On newer devices, the characters are at the end of the
MAC address.
logger mount as a reminder. Grease
pencil, also called "china marker", is the
most sunlight resistant.
following steps will make it clear which
one is correct.
the red LED starts blinking.
On your Android, start BlueTerm.
Tap the three-dots menu area to bring up
the options, then tap "Connect device".
Occasionally, you may have to try
connections two or three times.
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If you have not connected to any loggers yet, only the
"Scan for devices" option will be available.
When you tap this, your Android will find the logger
and show it as a device starting with "RN42-". The last
four characters will be from the serial number.
Next time, your Android will show it in a list as soon as
you tap "Connect device".
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PIN. For the RN42, this is always "1234".
Some newer modules will not ask you to input a PIN.
Instead, the pairing will just ask you to verify the device
is displaying a certain code. Since the module has no
display, just verify it. If the logger is the only active,
unpaired Bluetooth device nearby, this has to be the
correct device.
BlueTerm, it may be easier, the first time, by going
directly through your phone's Bluetooth settings. Then
return to BlueTerm, do "Connect Device", and the
module will show up in the list.
When the connection completes, you will see the
logger's data stream. On the logger, the red LED goes
out and the green one comes on.
Sometimes, you may have to try the connection two or
three times.
To begin logging, tap the menu area again, and this
time choose "Start logging"
is based on the date and timestamp.
Each logger tags its data with identifying metadata. This
will go into the log file, so the name of the log file is not
important.
and on a laptop.
the logger to send stored data. The Android captures it
to the log file.
When done, do "Stop logging" to assure the file is
closed.
connection. The red LED on the logger starts blinking
again.
logger after another, but this could yield a huge file.
It is usually less confusing to stop logging and re-start
when you connect to the next logger.
Metadata that specifies which data came from which
logger is within the log file, so the file name is
unimportant.
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To copy the log files from your smartphone, sign up with AirDroid online, at airdroid.com.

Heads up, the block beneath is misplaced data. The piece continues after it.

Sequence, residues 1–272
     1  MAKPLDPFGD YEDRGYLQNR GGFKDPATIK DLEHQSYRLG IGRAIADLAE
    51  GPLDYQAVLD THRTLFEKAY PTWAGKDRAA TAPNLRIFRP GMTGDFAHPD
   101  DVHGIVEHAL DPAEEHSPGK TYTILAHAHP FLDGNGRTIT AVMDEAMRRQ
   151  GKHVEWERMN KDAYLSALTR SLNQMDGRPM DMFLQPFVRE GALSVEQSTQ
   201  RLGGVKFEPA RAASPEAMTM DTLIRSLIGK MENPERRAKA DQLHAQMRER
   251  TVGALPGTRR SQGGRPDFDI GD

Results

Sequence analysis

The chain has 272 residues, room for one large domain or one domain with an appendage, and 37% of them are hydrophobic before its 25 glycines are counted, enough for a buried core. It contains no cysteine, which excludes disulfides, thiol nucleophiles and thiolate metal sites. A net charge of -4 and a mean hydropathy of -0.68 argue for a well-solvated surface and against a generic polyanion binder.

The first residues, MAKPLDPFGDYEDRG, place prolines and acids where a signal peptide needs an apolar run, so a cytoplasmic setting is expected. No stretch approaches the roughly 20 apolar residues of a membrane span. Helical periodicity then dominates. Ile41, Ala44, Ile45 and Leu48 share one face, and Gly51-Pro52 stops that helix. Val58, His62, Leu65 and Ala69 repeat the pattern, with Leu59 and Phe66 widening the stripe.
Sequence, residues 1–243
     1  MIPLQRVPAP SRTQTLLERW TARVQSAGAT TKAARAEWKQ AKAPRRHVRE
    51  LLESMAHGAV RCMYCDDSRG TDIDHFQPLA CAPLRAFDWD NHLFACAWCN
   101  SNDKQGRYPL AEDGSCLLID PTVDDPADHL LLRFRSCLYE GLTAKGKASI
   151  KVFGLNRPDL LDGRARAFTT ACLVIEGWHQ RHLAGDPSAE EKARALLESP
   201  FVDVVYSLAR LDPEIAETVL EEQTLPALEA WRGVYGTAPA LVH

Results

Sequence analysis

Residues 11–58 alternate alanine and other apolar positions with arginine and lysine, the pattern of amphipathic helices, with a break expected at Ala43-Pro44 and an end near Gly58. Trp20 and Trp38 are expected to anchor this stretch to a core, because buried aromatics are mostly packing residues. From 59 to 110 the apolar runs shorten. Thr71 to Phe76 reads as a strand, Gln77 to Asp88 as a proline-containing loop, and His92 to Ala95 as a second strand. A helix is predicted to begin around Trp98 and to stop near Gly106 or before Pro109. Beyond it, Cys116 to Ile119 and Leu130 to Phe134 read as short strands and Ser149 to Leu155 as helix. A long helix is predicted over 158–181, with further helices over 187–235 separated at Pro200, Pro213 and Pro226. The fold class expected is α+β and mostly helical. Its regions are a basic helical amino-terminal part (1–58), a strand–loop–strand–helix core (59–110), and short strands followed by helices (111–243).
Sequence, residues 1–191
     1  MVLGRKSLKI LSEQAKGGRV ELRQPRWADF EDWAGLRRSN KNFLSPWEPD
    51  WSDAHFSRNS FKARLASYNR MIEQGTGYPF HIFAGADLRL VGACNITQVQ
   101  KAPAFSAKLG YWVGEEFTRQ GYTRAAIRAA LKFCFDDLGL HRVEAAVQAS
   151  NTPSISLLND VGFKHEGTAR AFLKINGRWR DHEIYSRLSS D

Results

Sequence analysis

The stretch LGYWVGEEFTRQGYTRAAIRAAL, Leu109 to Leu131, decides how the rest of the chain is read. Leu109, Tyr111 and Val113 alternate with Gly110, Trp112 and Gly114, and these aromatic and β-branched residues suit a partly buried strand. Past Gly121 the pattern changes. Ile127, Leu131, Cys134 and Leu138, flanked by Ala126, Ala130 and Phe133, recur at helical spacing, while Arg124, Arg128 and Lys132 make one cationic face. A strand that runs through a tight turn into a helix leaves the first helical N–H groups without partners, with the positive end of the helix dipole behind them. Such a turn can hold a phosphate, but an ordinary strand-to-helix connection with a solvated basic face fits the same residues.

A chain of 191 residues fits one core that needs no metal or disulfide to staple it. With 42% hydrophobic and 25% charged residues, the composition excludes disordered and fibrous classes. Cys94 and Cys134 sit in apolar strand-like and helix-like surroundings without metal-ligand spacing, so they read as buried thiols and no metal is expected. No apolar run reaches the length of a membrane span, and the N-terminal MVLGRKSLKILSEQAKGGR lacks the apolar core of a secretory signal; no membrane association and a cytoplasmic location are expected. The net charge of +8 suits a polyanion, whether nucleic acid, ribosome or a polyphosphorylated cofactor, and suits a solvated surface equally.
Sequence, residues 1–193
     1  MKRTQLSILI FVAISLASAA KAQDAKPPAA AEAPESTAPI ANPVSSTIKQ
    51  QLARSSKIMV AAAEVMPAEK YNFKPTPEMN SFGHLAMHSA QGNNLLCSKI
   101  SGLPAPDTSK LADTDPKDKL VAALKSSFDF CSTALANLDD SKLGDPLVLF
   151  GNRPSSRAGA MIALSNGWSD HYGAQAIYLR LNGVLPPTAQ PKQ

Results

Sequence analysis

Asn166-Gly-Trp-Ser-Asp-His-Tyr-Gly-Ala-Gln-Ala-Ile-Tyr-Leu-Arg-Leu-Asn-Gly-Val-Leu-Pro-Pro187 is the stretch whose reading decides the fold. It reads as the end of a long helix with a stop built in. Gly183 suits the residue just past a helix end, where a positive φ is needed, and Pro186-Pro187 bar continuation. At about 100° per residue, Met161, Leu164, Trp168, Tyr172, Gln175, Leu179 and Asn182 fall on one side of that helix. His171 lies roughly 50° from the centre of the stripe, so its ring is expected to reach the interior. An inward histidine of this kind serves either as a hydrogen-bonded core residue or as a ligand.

Using AirDroid, you can get the files any
time both your phone and your computer
have network connectivity.
AirDroid avoids the confusion of where
your files have "gone" in the sometimes-
cryptic Android file system.
items, such as these log files, will not show
up in the file system until the device is
rebooted. They do show up in AirDroid.
In your browser, AirDroid displays a
console with many options.
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Your log files from BlueTerm will appear at the "bottom" of the default file location, listed
below all the folders.
To copy to your computer, right click and choose "Download".
After downloading, you can also use AirDroid to delete these now-redundant files from your
phone.
Laptop: Setting up a Bluetooth connection -- First one, first time
Setting up a Bluetooth connection to a laptop the first time is somewhat involved, especially
the first one. After creating the connection, however, reconnecting is easy. Also, for additional
loggers, you can copy much of what you have done on the first one.
These Bluetooth connections are "virtual serial ports" on your
laptop, so you will need a program that talks to serial ports. We
recommend "PuTTY".
http://www.putty.org/
Download and install PuTTY on your computer before proceeding with these instructions.
Read through the following procedure. Some of these steps need to happen in a fairly tight
time sequence. The loggers are forgiving, but some computer operating systems don't give you
very long to respond. You can always start again and re-do it. However it may take some
untangling, to understand what you've already done, and what remains to do.
You wake up a logger by tapping it, as described above under "Rousing a logger to